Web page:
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August 2, 2003
England v South Africa, second Test, Lord's, Day 3
Michael Vaughan: plenty to ponder on a dire day for England
England's performance was streets better today. And whole housing blocks worse. Their bowlers clawed back some respect with a committed and intermittently accurate effort. Their fielders plumbed depths of incompetence that only losing sides can aspire to. They were on a hiding to nothing, and nothing is precisely what they got.
Five-hundred-and-nine runs. England's first innings deficit, like Graeme Smith's staggering batting feats, is scarcely credible. Only three teams in history have ever stooped lower, and England have never been so humbled. It is more, even, than the 504 that Wally Hammond's war-ravaged team conceded to Don Bradman and Co. at Brisbane in 1946-47.
England have no excuses. They may be carrying the odd broken bone and several bruised egos, but that is a drop in the slips compared with the turmoil that has been ripping South Africa apart lately. Until the end of the NatWest Series, everything that could go wrong, did go wrong. Results, disputes, bereavements. Smith has had to handle the lot. No wonder he has enjoyed himself so much when he has escaped the dressing-room.
In case anyone missed the hubris, England have lately been considering themselves the second-best team in the world. It is a precarious claim at the best of times, but today - as was so wretchedly the case in 1999 - it has been denounced as preposterous. England's list of lows in this match trail behind them like a piece of bog-roll on the sole of one's shoe. The least impressive of all is their surrendering of 64 extras. Their previous worst of 61 came at Trent Bridge in that dreadful summer of 1989, another season in which the opposition was criminally underestimated.
It was a day which belonged, absolutely irrefutably, to Smith. Before today, he had spent a mere 53 minutes of the series in the pavilion, and yet even after he was dismissed, he remained in the middle in spirit. On and on he ground, refusing to yield until every last morsel of dignity had been extracted from England's performance. South Africa's highest innings total, the 622 achieved by Ali Bacher's immortals in 1969-70, was greeted with a slap of the palms from the pavilion balcony, and even when Boeta Dippenaar failed to make his century, still Smith prolonged the agony. Given all the time England's fielders spent in the sun, it is a wonder they were only half-baked.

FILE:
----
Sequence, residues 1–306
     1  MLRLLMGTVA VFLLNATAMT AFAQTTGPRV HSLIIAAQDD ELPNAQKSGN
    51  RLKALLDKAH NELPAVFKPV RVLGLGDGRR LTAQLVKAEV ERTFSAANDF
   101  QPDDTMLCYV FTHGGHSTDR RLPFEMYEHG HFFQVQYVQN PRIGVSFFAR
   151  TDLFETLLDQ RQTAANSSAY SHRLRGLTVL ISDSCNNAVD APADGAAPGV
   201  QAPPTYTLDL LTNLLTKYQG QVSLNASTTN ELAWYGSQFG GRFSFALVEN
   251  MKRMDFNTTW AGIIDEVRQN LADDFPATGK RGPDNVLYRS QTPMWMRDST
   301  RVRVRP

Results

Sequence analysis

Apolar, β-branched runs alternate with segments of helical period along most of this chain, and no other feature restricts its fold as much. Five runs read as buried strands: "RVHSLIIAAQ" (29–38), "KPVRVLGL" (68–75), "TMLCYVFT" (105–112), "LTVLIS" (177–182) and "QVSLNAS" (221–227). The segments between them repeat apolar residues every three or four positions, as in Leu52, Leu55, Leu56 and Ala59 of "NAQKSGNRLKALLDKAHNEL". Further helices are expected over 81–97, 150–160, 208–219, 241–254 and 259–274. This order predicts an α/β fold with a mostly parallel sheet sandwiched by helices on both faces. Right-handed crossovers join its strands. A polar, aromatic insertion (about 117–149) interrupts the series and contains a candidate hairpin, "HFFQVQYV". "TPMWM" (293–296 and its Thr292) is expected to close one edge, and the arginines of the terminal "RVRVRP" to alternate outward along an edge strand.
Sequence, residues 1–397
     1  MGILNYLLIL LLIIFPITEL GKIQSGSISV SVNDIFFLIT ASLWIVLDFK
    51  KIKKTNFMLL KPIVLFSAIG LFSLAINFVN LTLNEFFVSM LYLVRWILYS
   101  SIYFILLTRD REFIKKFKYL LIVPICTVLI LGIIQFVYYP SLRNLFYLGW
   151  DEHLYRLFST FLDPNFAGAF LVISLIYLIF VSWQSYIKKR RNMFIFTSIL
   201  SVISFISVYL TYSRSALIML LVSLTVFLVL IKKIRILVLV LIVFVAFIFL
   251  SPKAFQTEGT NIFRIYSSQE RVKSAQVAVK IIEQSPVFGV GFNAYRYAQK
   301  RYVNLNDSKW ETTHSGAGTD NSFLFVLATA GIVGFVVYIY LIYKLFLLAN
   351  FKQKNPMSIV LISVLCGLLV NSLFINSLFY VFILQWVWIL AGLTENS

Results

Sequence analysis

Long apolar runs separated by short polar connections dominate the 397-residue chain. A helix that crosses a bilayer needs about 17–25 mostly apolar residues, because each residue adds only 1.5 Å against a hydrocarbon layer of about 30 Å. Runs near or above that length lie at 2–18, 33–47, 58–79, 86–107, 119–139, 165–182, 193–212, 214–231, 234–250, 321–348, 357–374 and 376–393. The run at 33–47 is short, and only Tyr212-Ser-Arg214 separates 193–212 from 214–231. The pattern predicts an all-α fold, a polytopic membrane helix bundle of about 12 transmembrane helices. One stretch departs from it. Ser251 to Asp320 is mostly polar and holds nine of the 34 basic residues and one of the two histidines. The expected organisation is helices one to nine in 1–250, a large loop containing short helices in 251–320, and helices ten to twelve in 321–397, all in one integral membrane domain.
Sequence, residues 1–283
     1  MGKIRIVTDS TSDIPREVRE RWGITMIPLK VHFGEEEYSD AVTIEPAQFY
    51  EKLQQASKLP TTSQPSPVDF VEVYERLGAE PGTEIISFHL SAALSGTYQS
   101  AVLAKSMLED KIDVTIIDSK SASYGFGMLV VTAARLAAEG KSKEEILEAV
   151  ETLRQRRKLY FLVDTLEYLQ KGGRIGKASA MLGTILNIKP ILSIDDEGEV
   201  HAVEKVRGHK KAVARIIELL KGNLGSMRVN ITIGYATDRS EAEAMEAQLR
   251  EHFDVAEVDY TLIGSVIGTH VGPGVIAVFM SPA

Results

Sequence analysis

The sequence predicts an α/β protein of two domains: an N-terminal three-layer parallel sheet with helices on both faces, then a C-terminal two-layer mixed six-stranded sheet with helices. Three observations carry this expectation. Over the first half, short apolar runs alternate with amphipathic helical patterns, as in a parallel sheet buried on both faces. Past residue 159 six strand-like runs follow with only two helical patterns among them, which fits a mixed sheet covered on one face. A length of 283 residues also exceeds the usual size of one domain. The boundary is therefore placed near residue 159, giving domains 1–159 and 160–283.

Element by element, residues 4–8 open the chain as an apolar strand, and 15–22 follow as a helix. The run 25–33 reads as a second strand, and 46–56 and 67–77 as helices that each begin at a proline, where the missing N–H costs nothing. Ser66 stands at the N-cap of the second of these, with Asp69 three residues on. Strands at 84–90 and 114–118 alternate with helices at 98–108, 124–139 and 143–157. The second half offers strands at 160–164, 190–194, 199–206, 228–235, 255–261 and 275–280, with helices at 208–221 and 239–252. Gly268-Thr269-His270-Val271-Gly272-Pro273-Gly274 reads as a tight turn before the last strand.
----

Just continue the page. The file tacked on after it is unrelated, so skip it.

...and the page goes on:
Comparisons with Bradman have been aired in the media, and not merely because Smith has overhauled the Don's 254 to become the highest-scoring overseas player at Lord's. His appetite for runs, and his unblinking concentration for each and every delivery, is unparalleled. He is in danger of making Michael Vaughan's cute habit of getting out in the 190s look like a grotesque character defect.
As an 11-year-old, Smith attracted praise from Omar Henry for his willingness to bat for hours on end at Henry's spin clinic in Johannesburg - not quite golf-ball-on-water-tank stuff, but not far off either. Even when Andrew Flintoff rapped him painfully on his injured finger early in the day, he was unswayed.
For Flintoff, it was yet another day of cruelly under-rewarded toil. Two dropped catches and a no-show in the slips left him with innings figures of 1 for 115, and his respective batting and bowling averages (19.82 and 52.47) continue to float away from each other like an astronaut caught in a gravitational field.
James Anderson, on the other hand, at least showed a flicker of his golden arm when he struck with his third ball of the day. Sadly it was well into the second hour of the day before he was called upon. But, his removal of Smith was a vital blow for his self-esteem. He has now dismissed him four times out of seven on this tour - and even rattled his stumps three times. But, who remembers the NatWest Series now? Certainly not Smith.
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